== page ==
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How To Determine A Trading Range

Placing price action into a manageable context is an essential part of crafting strong trading decisions. To accomplish this task, many traders rely upon technical analysis. Through the study of past and present price action, technicians can build strategies designed to capitalise on favourable market conditions. Range trading is an exceedingly popular category of such strategies.

Market structure comes in two basic forms: trending and range bound. Trending markets are those in the process of making a directional move in price. Conversely, range bound markets consistently trade between a periodic high and low value. Although many traders favour trend strategies because realizing extraordinary returns is possible, range bound markets also offer countless opportunities.

What Is A Trading Range?

A trading range develops when price is confined between a periodic high and low value for a given period of time. Various factors influence the size and extent of a market's trading range; uncertainty, market participation, support & resistance levels and assorted fundamentals are several of the most prominent.

To illustrate the trading range concept, assume that Erin the euro trader is observing daily forex price action for the EUR/USD. Over the course of a given month, the following scenario establishes a trading range in the EUR/USD:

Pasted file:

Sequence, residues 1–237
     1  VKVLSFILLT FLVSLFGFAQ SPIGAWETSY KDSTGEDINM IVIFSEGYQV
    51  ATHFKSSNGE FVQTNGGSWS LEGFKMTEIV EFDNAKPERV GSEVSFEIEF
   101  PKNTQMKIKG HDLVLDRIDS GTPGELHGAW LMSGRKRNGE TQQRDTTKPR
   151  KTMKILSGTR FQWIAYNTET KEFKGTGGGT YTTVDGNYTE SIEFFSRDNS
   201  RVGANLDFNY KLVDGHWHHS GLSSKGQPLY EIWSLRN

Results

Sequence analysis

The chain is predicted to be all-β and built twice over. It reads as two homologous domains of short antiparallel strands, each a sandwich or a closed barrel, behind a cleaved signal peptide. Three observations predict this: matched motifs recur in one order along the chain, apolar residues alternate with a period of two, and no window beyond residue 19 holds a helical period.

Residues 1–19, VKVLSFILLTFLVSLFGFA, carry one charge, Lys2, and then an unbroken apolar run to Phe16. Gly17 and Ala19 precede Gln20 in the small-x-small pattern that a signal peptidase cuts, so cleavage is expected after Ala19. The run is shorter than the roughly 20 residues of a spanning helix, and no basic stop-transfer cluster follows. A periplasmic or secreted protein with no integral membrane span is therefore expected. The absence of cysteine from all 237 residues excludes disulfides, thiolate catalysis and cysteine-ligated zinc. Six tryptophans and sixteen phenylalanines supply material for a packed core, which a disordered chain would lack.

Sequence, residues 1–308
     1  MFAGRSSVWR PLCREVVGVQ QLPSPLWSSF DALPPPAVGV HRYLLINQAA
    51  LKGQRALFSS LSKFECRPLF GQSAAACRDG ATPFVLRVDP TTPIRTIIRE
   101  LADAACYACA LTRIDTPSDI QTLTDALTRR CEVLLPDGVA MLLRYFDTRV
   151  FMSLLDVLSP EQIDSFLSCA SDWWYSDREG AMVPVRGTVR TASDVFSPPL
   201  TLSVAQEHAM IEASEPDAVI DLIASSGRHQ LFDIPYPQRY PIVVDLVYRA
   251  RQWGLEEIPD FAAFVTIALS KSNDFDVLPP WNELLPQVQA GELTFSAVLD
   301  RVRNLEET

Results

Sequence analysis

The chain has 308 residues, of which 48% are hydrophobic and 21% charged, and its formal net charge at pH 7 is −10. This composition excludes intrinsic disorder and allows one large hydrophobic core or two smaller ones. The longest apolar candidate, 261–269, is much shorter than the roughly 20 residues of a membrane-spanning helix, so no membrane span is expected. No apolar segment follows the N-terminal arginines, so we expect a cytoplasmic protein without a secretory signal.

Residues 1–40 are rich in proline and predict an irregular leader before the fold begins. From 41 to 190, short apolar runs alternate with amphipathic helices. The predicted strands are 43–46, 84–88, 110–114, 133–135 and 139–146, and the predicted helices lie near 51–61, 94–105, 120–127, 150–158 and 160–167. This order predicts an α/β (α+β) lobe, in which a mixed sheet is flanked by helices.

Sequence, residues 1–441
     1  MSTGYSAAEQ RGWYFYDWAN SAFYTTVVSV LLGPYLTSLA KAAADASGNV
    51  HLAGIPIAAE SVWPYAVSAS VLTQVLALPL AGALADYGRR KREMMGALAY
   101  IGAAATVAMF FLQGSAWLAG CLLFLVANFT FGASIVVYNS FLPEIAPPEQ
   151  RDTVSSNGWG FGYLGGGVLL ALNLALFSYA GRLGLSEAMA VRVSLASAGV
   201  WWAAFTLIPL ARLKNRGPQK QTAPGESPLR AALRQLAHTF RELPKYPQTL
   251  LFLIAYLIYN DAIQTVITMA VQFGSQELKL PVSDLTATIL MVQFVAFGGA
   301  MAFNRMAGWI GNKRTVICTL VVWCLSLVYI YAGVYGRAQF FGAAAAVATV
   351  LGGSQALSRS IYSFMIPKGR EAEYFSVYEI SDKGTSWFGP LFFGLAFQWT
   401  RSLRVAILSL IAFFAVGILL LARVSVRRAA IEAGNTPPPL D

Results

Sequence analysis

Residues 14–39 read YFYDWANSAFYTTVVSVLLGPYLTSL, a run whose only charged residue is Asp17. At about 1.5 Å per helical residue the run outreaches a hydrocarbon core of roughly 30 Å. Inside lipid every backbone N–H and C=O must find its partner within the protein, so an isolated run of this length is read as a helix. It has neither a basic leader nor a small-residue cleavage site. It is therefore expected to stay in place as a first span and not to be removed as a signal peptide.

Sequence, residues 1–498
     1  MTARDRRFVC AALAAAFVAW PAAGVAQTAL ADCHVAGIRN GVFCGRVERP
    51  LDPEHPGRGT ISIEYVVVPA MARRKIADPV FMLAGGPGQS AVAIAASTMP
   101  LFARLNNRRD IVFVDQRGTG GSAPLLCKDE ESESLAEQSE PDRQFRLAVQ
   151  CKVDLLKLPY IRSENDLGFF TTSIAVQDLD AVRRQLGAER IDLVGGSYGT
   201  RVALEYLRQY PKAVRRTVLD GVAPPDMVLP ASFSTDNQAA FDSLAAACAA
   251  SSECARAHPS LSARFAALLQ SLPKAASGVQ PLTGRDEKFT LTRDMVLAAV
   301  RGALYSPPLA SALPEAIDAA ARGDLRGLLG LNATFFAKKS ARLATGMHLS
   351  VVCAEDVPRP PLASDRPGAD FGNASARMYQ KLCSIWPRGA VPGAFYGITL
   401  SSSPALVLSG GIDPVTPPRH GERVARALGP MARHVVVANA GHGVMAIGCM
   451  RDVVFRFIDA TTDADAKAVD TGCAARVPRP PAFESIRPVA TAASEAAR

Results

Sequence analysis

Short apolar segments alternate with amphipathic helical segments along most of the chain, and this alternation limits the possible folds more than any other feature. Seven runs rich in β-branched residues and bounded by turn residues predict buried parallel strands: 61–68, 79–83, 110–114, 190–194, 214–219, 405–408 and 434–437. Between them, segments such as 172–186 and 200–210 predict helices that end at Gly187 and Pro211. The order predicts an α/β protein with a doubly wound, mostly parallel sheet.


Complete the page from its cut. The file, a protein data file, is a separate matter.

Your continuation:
• The EUR/USD opens the month at 1.2055.
  • Within the first two weeks, exchange rates post a low of 1.1865.
  • The EUR/USD trades between 1.2055 and 1.1865 until the month's end.

In the example above, the EUR/USD's monthly trading range falls between 1.2055 and 1.1865. Of course, this information may or may not be strategically useful. There are many questions that Erin must answer before determining if the EUR/USD's price action is that of a trending or range bound market. Below are three important inquiries:

  • Is the monthly trading range unique in comparison to previous months or to established norms?
  • Did price test each extreme multiple times or did price consolidate around a mean value?
  • Within the range, where did the bulk of the trading volume occur?

It's important to remember that not all trading ranges are significant. Every market establishes periodic highs and lows ― the key to determining whether a market is trending or range bound lies within the structure of its periodic range.

Trading Range Bound Markets

From a practical standpoint, range bound markets may occur on any timeframe or interval, in any asset class. For active practitioners of technical analysis, referencing a pricing chart is the first step necessary for identifying and interpreting a trading range.

There are two essential elements of any trading range:

  • Periodicity: The periodicity of a trading range refers to the selected interval of its pricing chart. Ranges may be identified on all time-based intervals, from minute-by-minute to yearly. Data-based tick and volume charts may also be used.[1]

  • Volatility: As a general rule, the larger a market's periodic trading range, the greater its volatility. Extraordinarily large ranges are indicative of markets that are, or have been, trending. On the other hand, modest-sized or small periodic ranges suggest range bound conditions. When in this state, a market is said to be ranging, consolidating, trading sideways, or compressed.